Itinerary: Explore Oregon’s Scenic Byways
It’s no secret that the Beaver State is an outdoor lover’s paradise; volcanoes, beaches, mountains, and plains abound. While it’d be easy to pick a city and book a flight, then you’d be missing out on half the journey: getting there. Oregon is home to officially designated All-American Roads, National Scenic Byways, Oregon State Scenic Byways, and Oregon Tour Routes. We’ve chosen only four of many scenic byways to highlight – pick one or link them up for a killer road trip across the state of Oregon.
For more information about Oregon’s network of scenic byways, utilize this free brochure and map resource developed by the State of Oregon.
1. Volcanic Legacy Scenic Byway
The Volcanic Legacy Scenic Byway stretches 500 miles between Lassen Volcanic National Park in California and Crater Lake National Park in Oregon. The Oregon portion of the route includes 140 miles of fascinating archaeological, cultural, historic, natural, recreational, and scenic attractions – the very categories that give the route its Scenic Byway status. We recommend beginning your journey in Klamath Falls, OR and traveling north. Drive up the western flank of the Upper Klamath Lake – the largest freshwater lake west of the Rockies – and visit the Upper Klamath Lake National Wildlife Refuge. For a culture fix, stop at Fort Klamath, a former military outpost turned history museum. Then, plan to spend a few days at the expansive Crater Lake National Park, Oregon’s only and one of the country’s oldest parks.
Where to Stay in your ROAMERICA campervan: Harriman Springs Resort and Marina, situated on the northwest corner of Upper Klamath Lake has been open to visitors since 1899. Enjoy camping and recreating there year-round.
Now, drive 83 miles from Crater Lake National Park to Crescent Lake (Cascade Lakes Scenic Byway).Contact Us Today to Book Your Pacific Northwest Road Trip
2. Cascade Lakes Scenic Byway
Begin the next leg of your journey at Crescent Lake, one of the myriad lakes you’ll visit on the Cascade Lakes Scenic Byway. It’s about 70 miles to Bend, but plan to spend four to six hours on the route so that you can stop to fish, kayak, hike, and site-see. Especially interesting are the remnants of volcanic activity. Both Sparks Lake and Devils Lake are nestled amongst fields of jagged lava. To learn more about the landscape, check out the Lava Lands Visitor Center on US-97 for maps, information and interpretive exhibits. The other important feature along this byway is the Deschutes River, sometimes called the lifeblood of Central Oregon. Take a short detour on Forest Road 41 and have a picnic by its shores. This route ends in Bend where you’ll have no trouble finding amazing food, breweries, and other urban delights.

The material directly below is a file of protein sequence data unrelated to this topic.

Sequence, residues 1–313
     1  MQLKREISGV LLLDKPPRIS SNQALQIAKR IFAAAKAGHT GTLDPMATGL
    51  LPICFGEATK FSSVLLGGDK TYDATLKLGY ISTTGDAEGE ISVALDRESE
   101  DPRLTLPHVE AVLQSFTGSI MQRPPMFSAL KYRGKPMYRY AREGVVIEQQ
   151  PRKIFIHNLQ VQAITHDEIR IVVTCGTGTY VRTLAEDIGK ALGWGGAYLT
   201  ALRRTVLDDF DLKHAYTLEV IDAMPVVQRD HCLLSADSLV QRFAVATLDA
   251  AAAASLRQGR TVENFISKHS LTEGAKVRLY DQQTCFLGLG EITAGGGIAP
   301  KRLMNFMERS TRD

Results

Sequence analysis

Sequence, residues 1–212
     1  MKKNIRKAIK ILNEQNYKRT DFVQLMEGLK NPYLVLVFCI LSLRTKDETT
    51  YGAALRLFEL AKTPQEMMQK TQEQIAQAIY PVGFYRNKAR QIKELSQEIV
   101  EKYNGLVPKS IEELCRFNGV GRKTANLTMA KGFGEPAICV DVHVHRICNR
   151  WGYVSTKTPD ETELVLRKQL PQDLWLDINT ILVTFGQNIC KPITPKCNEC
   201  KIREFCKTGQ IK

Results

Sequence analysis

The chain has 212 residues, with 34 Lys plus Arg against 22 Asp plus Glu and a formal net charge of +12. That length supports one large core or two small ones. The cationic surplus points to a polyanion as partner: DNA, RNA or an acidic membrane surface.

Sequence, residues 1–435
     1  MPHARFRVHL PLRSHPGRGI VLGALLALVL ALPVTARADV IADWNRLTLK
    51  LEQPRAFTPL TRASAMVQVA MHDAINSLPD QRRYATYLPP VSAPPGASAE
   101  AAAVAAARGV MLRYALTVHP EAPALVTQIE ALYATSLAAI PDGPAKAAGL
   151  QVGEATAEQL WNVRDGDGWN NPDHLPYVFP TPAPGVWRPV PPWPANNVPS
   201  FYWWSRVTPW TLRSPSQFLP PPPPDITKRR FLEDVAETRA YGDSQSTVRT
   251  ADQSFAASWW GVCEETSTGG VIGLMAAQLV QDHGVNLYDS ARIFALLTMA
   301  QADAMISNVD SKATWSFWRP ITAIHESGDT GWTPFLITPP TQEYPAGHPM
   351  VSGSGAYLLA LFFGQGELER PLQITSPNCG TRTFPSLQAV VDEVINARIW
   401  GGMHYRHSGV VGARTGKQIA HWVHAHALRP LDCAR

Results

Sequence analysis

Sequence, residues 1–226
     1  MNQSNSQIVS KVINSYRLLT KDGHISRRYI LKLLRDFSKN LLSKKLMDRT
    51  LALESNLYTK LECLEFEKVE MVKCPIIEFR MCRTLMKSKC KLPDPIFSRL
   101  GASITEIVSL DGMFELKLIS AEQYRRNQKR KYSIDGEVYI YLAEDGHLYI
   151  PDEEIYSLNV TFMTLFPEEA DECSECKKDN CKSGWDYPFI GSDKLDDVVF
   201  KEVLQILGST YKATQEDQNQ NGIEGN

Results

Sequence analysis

Where to Stay in your ROAMERICA campervan: It’s possible to camp at almost all of the lakes along the route, so pick your favorite spot and check the US Forest Service website for availability. We like the Lava Lake Campground; sites are available on recreation.gov.
Now, drive 83 miles from Bend to Mitchell, OR where you’ll pick up the Journey Through Time Scenic Byway.
3. Journey Through Time Scenic Byway
The showstopper on this route is the Painted Hills, one of the three units of the John Day Fossil Beds National Monument. Plan to spend a few hours here exploring nature’s dazzling artistry and learning about the geologic forces that created it. Then, following the John Day River (Oregon’s longest freeflowing waterway), stop by the Monument’s visitor center and then explore the other fascinating units of the Monument. As you drive eastward, you’ll have the opportunity to visit some of Oregon’s oldest and most interesting settlements; the Kam Wah Chung State Heritage Site in John Day commemorates the community of Chinese workers who lived there in the 1880s. The Byway terminates in Baker City, once known as the “Queen City of the Inland Empire” due to its prominence during the mining boom of the late 1800s.
Where to stay in your ROAMERICA campervan rental: Although no camping is allowed in the John Day Fossil Beds Monument, there are numerous developed campgrounds, primitive sites, and RV parks in the area.
4. Hell’s Canyon Scenic Byway
This Byway encircles the majestic Wallowa mountain range and allows visitors to experience everything from whitewater rafting to peak bagging to gallery hopping. The Byway proper is 218 miles, but multiple suggested side trips can make it a 400 mile journey. The first segment, from Baker City to the Pine Valley, highlights the areas mining and ranching history. The Oregon Trail crosses your path; visit the National Historic Oregon Train Interpretive Center to learn more. The 45-mile Wallowa Mountain Loop connects the southern and northern sections of the byway and offers exceptional mountain and river views. The northern segment of the byway includes the fascinating Native American historic sites around Wallowa Lake and Joseph, as well as many small towns that boast annual activities like Elgin’s Stampede PRCA Rodeo and Wallowa’s TamKaLiks, an annual Friendship Feast and Pow Wow.
Where to stay in your ROAMERICA campervan rental: Wallowa Lake boasts many services for travelers, and overnight options include USFS campgrounds, a state park, and private RV parks.
Oregon’s Scenic Byways are some of the best ways to explore the state’s most unique and sacred places. Although a route only needs to have one of the six “intrinsic qualities” to receive the designation, the routes we’ve highlighted often contain each one (archeological, cultural, historic, natural, recreational, and scenic). So, hop in your van with your family and take to the open – and scenic – road!Explore More Family Adventure Ideas